SAN FRANCISCO – California’s community college leaders have signed off on major policy changes aimed at boosting graduation and transfer rates in the 112-campus system, despite concerns the measures could hurt disadvantaged students.

The 22 recommendations will go to the state Legislature for review after the California Community Colleges’ governing board on Monday endorsed the measures recommended by the state-appointed Student Success Task Force.

Backers believe the proposals, if implemented, will help more students complete degree and certificate programs and transfer to University of California and California State University campuses. That would help reduce the number of dropouts and create a more educated workforce.

“We’re really doing all that we can to ensure student success,” Chancellor Jack Scott said Tuesday. “We want to have as few casualties as possible.”

Measures endorsed by the board would:

  • Give priority registration to first-time students and students making progress toward their academic goals.
  • Take priority registration or fee waivers from students who fail to make adequate progress.
  • Require all incoming students to develop education plans shortly after matriculating.
  • Have campuses give priority to courses needed for degree and certificate programs over enrichment courses catering to older adults.
  • Require campuses to keep scorecards to track completion and transfer rates of students of different backgrounds.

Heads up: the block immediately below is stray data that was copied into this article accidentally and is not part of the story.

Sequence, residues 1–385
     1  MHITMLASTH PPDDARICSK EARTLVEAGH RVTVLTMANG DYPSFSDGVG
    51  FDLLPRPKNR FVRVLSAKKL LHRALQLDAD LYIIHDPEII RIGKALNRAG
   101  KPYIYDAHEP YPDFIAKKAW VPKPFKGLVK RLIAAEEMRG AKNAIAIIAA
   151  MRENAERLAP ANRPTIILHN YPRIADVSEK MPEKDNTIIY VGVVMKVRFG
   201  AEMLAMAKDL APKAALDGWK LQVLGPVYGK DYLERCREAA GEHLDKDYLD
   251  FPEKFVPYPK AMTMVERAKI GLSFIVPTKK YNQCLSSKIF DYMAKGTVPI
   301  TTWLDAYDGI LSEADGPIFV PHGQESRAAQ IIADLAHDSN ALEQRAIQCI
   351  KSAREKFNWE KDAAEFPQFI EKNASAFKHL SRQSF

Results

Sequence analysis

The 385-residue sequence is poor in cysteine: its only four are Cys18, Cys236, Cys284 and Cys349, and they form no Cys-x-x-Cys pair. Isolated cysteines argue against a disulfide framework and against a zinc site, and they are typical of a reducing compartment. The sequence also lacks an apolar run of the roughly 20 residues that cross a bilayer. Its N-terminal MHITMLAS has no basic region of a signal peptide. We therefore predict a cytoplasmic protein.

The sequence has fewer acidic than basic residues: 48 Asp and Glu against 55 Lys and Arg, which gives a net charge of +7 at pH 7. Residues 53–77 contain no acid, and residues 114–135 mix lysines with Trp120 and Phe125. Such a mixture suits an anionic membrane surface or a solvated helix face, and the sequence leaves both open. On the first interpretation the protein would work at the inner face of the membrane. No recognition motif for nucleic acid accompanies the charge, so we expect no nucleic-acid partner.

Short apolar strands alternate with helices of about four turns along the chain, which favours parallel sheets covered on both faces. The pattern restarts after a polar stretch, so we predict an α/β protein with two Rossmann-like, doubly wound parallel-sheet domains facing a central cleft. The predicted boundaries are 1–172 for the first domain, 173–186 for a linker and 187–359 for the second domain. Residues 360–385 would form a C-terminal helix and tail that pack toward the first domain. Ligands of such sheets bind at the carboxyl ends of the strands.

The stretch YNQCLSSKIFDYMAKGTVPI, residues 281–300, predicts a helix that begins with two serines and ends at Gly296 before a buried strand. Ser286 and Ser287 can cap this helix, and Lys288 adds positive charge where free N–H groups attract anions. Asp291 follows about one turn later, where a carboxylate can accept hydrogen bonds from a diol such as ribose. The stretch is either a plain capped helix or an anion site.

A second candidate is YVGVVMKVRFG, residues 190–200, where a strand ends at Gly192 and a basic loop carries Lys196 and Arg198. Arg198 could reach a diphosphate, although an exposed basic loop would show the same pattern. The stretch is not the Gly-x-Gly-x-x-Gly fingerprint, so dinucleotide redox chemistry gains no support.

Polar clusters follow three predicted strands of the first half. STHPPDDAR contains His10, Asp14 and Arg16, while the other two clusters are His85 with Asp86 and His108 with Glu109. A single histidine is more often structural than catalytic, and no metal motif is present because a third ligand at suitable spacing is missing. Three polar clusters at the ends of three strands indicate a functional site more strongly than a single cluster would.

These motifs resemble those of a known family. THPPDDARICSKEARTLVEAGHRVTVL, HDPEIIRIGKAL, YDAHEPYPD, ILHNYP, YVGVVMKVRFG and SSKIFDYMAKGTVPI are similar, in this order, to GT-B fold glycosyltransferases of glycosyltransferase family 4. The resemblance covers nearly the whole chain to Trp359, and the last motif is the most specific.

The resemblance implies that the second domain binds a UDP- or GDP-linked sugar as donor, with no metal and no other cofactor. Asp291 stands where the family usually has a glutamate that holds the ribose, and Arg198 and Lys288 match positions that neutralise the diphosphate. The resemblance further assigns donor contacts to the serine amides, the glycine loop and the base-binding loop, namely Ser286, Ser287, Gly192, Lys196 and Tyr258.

Some of the measures will require approval by the state Legislature or the community college system’s Board of Governors. Some can be carried out by school administrators, while others just call on campuses to adopt best practices.

Critics say the reform plan will move California’s community college system, the nation’s largest with 2.6 million students, away from its tradition of offering nearly universal access to higher education.

Some say without additional funding for student counseling and services, the proposed changes could hurt low-income students who need extra help to reach their academic goals.

“There’s a very big concern that the plan will impact both access and equity,” said Jonathan Lightman, executive director of the Faculty Association of California Community Colleges

Officials say the changes are needed because the cash-strapped state has cut funding to community colleges by 14 percent during the past three years, which has forced campuses to raise tuition and turn away tens of thousands of students.

“Now that the money has become scarce, we have got to prioritize,” Scott said. “The state has already forced us to ration courses. If we’re going to ration education, how should we do it intelligently?”